Towards 'Responsibility to Protect'?; North Korean Human Rights after the United Nations Commission of Inquiry

Stream: Panel 14 - International Relations: Non-western States, International Law and the Responsibility to Protect Norm
Date: Monday, 26 September 2016
Time: 2.00 pm – 3.30 pm

Abstract

Abstract prepared for submission to the Australian Political Science Conference to be held at UNSW, Sydney, in September 2016 In February 2014, the UN’s Human Rights Council’s (UNHRC) Commission of Inquiry (CoI) delivered a report which found that North Korea’s human rights practices amounted to crimes against humanity. It invoked the Responsibility to Protect (R2P) norm to inform its recommendations and, most notably, it called for the UN Security Council to consider referring members of North Korea’s regime to the International Criminal Court (ICC) for prosecution. This paper begins by exploring the question of why the CoI invoked R2P and how this norm shaped the February 2014 report. It then considers the report’s impact. First, it examines its impact on the human rights situation in North Korea, with special attention to the implications of the report being referred to the Security Council and the creation of a UNHRC office in Seoul. Second, the paper considers the report’s impact on R2P itself. It applies a ‘cyclic model’ of norm diffusion which assumes that efforts to apply norms typically result in disputes and argumentation, and the outcome is usually some degree of change in the norm’s scope and content. The paper finds that R2P has indeed been changed by the CoI report’s release: there is now more support for the notion that R2P applies in chronic or ‘non-crisis’ situations, and for the view that referral to the ICC is an appropriate response.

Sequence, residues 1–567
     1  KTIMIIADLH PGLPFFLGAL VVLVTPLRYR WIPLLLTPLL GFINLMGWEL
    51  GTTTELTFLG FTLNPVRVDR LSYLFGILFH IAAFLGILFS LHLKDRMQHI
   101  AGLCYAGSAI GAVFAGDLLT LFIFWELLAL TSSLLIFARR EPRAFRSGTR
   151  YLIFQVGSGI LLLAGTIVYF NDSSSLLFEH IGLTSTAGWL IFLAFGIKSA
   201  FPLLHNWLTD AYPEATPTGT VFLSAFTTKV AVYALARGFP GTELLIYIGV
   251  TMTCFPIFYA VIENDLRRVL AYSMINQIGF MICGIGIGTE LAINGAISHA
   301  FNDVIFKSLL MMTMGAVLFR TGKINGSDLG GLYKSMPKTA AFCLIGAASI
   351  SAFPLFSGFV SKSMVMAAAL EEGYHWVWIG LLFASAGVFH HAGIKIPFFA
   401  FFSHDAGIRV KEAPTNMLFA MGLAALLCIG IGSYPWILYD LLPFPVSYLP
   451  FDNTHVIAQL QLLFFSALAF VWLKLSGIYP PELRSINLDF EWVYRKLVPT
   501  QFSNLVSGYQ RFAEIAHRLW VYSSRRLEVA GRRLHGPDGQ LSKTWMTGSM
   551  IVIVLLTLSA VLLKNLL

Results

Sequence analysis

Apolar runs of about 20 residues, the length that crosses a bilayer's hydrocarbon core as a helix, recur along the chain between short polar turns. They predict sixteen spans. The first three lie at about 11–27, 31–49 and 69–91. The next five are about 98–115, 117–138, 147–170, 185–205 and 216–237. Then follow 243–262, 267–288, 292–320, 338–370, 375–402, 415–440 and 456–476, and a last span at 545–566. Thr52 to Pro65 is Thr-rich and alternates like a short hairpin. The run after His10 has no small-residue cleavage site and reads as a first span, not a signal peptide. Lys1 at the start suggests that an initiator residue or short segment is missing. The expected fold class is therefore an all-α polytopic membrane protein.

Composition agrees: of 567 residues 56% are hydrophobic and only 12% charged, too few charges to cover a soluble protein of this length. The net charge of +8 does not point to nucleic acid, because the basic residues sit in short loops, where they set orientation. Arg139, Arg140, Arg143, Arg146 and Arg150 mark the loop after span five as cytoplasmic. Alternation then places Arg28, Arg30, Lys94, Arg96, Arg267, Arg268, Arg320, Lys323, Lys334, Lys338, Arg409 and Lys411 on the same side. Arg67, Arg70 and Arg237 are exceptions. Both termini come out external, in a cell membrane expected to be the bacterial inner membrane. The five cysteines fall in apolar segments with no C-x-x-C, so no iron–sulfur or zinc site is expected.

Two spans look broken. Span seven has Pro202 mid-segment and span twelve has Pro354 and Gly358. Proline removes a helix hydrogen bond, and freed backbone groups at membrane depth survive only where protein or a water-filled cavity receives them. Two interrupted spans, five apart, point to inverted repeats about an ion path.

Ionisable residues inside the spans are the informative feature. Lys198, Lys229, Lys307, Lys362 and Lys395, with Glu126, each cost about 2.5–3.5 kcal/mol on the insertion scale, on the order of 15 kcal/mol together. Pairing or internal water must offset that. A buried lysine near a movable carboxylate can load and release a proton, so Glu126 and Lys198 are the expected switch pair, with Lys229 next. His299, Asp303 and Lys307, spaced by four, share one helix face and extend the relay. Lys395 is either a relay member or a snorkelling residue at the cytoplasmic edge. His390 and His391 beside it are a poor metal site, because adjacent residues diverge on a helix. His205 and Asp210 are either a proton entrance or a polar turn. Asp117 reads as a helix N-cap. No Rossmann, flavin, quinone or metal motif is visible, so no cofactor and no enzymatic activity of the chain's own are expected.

Authors

Jawoon Kim (Presenter), N/A

Alan Bloomfield, UNSW Australia